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Boost for computing lessons in Scottish schools

A programme to help teachers bring computer science to life in the classroom has already reached more than half of Scotland's primary schools.

Latest figures show that teachers from 69 per cent of primary schools in Scotland – a total of more than 6,700 teachers so far – have registered to use the BT-sponsored Barefoot Computing programme which offers free, classroom-ready teaching resources.

The downloadable resources and materials have been tailored to the Scottish curriculum and have been backed by the Scottish Government.

Lessons are available to all Scottish primary schools and aim to help pupils aged between five and 11 years old to develop basic computing skills and thinking across all subjects.

They are designed to help primary school teachers across Scotland, especially those without specialist computing knowledge. The resources, available in English and Gaelic, promote problem-solving, creativity and collaboration among pupils.

Alan Armstrong, Strategic Director at Education Scotland, said: “I'd like to thank everyone involved in the BT tech literacy programme for working with us on this journey as we raise standards in our transformational curriculum.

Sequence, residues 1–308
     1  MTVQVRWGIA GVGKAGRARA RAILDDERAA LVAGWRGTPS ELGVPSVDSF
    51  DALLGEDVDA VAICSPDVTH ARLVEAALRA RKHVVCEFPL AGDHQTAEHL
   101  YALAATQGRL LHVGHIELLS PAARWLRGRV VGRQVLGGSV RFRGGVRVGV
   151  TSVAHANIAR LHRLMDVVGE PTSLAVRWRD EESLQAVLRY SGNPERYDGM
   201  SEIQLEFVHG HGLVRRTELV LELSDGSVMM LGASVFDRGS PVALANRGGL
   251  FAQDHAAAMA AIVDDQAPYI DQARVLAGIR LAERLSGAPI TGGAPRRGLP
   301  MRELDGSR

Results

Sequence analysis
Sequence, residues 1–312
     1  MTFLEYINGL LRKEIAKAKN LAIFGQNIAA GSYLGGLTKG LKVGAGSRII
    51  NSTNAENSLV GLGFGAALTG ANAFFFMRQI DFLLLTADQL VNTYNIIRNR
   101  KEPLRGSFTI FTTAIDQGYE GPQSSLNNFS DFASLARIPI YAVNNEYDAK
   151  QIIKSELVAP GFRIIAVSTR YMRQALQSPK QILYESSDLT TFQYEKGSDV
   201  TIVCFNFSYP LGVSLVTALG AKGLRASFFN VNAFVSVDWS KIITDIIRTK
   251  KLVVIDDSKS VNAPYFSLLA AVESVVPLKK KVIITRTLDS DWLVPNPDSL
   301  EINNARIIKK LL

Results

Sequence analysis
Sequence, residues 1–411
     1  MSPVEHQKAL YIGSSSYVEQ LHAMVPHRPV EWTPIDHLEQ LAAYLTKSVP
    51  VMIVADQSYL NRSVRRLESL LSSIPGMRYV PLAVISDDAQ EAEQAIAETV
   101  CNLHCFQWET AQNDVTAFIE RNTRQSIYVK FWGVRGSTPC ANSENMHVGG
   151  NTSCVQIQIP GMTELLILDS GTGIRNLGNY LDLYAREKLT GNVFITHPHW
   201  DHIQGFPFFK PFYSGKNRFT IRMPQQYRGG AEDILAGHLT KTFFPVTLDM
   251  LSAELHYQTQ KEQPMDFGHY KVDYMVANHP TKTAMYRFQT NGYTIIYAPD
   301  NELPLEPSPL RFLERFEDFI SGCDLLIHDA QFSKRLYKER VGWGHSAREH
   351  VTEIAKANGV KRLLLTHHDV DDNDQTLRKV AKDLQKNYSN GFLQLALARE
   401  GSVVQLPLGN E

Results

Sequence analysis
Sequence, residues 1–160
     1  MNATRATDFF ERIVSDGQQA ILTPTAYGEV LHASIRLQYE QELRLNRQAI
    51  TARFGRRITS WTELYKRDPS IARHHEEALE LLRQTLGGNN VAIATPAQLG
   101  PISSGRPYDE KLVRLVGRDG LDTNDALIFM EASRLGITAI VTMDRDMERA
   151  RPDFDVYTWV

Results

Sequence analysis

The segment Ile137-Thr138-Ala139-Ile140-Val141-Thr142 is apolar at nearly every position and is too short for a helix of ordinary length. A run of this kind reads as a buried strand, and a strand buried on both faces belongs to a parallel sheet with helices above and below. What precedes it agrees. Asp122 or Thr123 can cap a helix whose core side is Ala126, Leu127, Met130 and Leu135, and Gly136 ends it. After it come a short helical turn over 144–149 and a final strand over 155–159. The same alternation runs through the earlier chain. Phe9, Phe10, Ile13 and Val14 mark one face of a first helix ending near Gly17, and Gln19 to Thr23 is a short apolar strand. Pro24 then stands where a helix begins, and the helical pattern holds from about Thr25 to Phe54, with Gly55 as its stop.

“Digital skills are at the heart of our Curriculum for Excellence in Scotland, because it's crucial our learners have the tools and capabilities they need to thrive in an increasingly digital world. I look forward to continuing to work with BT to make these attractive and supportive resources accessible to all schools in Scotland."

A new Barefoot website has been launched to provide more materials for teachers. Typical support consists of tasks designed to improve pupils' understanding of concepts like algorithms in a way that improves their ability to think logically and sequentially but creatively.

The website also includes new support which helps educate pupils on using the internet safely and what 'consent' means in terms of controlling their personal information and identity.​​

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